Monday, July 25, 2022

Moses' Tolling of the Death Bell (Psalm 90)

Permit me to use a little sanctified imagination in explaining this Psalm. The scene is the Wilderness of Sinai. It is years since the spies returned to Kadesh-Barnea with their evil report. Now the people are still trekking around the desert but getting nowhere in the process. It is an exercise in futility.

Every morning a reporter comes to Moses’ tent with a fresh report of casualties. Deaths, deaths, deaths, and more deaths. Obituaries are the commonest item of news, and the desert seems to be an expanding cemetery. Every time the people break camp, they leave another field of graves behind.

On this particular day, Moses the man of God has had all he can take. Overwhelmed by the mounting toll, he retreats into his tent, prostrates himself on the ground and pours out this prayer to God.

Psalm 90:1-2 In the midst of so much transience and mortality, he first finds relief in the eternity of the LORD. While all else fades and vanishes, God is unchanging, a home and refuge for His people. From all eternity and to all eternity, He is God, “infinite, eternal and unchangeable in His being, wisdom, power, holiness, justice, goodness, and truth.”

Psalm 90:3-4 In stark contrast to God’s agelessness is the brevity of human life. It seems that God is constantly issuing the order, “Return to dust,” and a never-ending line trudges down to the grave. To One who is eternal, fallen man’s original life-span of about a thousand years is no more than a past memory or a fraction of a night.

Psalm 90:5-6 Even to Moses, human life seems as evanescent as sleep. You sleep, you dream, you awake, and yet you are scarcely conscious of the passing of time. Or to change the figure, life is like grass—fresh and green in the morning, then faded and withered by evening. As Spurgeon said, it is “sown, grown, blown, mown, gone.”

Psalm 90:7–10 While all death is a result of the entrance of sin, Moses realizes that what is happening in the desert is a special visitation from God. All the soldiers who were twenty years or older when they left Egypt will die before they reach Canaan. The tolling of the death bell is a sign that God is angry with His people because they took sides with the unbelieving spies instead of marching into Canaan as Caleb and Joshua had encouraged. Their iniquities and secret sins are ever before Him, a constant irritation and rankling. As a result, the Israelites are living under the somber cloud of His anger, and overwhelmed in the churning waves of His wrath. Some, it is true, live their allotted span of seventy years, and some even as much as eighty. But even in their case, life is a weariness. One ailment follows another. The smallest tasks are an effort. And soon the pulse beat has stopped, and another one becomes “the missing face.”

Psalm 90:11-12 The man of God stands in awe of the power of God that has been awakened in anger. Who, he wonders, can reverence Him adequately when one considers the immensity of His wrath? This much is sure: it should make us value every day of our lives and spend each one in obedience to Him, and in such a way that it will count for eternity.

Psalm 90:13-14 Moses pleads with the LORD to return to His people in mercy. Will His anger burn forever? Won’t He please have compassion on them and satisfy them early with His mercy that they might live out their remaining days in a measure of tranquility and happiness?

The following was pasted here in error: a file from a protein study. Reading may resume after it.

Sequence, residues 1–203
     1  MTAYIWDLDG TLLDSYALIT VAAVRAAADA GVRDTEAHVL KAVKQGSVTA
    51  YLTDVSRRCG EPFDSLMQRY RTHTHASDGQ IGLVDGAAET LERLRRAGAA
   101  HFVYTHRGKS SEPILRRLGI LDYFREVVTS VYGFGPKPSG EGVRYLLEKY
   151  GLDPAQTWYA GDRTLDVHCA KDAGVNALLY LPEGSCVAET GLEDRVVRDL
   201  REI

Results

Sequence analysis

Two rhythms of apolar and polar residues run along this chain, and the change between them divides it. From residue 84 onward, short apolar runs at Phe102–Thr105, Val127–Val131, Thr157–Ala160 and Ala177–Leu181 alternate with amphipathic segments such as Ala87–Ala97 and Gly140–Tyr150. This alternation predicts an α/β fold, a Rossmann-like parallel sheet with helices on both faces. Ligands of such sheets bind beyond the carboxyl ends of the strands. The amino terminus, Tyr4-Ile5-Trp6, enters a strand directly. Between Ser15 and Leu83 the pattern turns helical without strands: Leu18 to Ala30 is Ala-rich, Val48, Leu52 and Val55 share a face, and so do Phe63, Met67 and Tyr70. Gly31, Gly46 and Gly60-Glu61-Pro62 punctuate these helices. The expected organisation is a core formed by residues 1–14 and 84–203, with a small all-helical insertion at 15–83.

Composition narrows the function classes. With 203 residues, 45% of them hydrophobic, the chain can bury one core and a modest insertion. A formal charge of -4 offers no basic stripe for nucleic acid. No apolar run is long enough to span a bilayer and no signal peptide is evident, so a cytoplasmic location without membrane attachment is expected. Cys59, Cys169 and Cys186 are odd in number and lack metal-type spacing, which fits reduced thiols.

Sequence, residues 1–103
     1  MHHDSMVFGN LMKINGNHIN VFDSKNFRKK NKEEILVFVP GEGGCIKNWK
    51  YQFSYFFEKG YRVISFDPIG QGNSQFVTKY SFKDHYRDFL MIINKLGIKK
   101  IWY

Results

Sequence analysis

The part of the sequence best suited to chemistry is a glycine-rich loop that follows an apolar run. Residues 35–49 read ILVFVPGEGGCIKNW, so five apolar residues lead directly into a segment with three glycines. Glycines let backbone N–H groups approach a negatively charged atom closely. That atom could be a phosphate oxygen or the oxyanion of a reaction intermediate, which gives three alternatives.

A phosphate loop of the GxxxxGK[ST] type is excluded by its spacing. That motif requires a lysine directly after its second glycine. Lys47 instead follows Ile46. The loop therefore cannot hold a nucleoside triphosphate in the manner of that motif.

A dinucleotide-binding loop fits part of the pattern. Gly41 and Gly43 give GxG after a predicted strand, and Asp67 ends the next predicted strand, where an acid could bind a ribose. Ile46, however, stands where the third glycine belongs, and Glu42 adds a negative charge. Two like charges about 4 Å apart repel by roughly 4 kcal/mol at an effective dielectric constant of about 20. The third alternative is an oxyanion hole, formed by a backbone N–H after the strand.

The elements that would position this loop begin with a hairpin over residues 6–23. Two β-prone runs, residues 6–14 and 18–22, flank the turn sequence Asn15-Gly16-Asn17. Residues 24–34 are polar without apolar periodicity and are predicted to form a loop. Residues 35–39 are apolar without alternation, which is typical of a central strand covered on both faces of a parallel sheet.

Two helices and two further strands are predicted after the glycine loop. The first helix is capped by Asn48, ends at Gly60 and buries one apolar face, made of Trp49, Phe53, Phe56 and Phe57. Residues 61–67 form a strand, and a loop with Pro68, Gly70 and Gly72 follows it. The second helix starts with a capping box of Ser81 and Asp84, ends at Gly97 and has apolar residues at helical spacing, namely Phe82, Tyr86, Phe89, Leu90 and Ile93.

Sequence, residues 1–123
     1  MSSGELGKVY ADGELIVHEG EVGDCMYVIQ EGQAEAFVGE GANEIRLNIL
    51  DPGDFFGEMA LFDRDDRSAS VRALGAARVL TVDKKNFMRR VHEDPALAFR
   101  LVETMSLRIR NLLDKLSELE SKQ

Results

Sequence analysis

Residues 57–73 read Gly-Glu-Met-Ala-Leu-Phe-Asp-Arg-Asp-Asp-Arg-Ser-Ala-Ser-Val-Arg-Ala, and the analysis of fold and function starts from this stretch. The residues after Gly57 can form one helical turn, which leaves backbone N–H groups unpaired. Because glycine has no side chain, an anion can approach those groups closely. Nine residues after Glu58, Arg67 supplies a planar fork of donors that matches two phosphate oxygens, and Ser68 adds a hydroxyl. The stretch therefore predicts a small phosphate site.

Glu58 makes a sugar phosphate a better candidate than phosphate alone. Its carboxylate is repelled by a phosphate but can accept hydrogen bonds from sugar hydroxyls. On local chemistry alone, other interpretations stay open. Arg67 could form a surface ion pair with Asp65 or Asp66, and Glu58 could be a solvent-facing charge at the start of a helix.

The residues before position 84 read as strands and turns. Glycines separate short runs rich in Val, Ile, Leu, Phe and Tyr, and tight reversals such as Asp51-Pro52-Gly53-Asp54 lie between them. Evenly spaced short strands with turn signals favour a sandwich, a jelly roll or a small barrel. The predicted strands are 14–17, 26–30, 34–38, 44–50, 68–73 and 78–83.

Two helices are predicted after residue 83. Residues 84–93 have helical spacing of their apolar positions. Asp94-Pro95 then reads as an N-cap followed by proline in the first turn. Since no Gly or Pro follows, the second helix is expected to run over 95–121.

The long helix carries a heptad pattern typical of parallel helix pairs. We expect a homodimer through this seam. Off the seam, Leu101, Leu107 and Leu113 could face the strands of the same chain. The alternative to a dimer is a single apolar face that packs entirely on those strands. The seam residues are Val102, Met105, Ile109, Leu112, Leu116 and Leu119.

Psalm 90:15-16 Now Moses pleads for “equal time,” that is, he asks for as many years of gladness for Israel as the years of affliction and trouble they had seen. They had already seen His power displayed in works of judgment; now he asks that the Lord show the other side of His countenance; that is, acts of grace.

Psalm 90:17 Finally, the intercessor asks the Lord to look in favor on His chosen earthly people and to make them fruitful in all their endeavors: “Yes, establish the work of our hands.”

Traditionally Psalm 90 has been a favorite reading at Christian funerals. And not without reason, because it reminds us of the shortness of life and the need to redeem the time or buy up the opportunities. But the Psalm does not breathe out the comfort and assurance of the NT era. Christ has brought “life and immortality to light through the gospel.” We know that to die is gain; it is to be absent from the body and to be at home with the Lord. And so the somber and dark outlook of the Psalm should be replaced by the joy and triumph of the believer’s hope in Christ, for now death has lost its sting and the grave has been robbed of its victory. The believer can sing:

    Death is vanquished! Tell it with joy, ye faithful;

    Where is now the victory, boasting grave?

    Jesus lives! no longer thy portals are cheerless;

    Jesus lives, the mighty and strong to save.

Moses asked God to alleviate their sorrows and bring refreshment to the people. Because life is short, and most of their lives had been spent striving in the wilderness, Moses asked God to show them compassion. Likewise, we should not be impatient for Christ to come, for although it seems like a long time, it is not so long for God. In the meantime, we should keep our lives in accordance with God’s ways, that we might be happy and joyful during the brief time we spend on earth.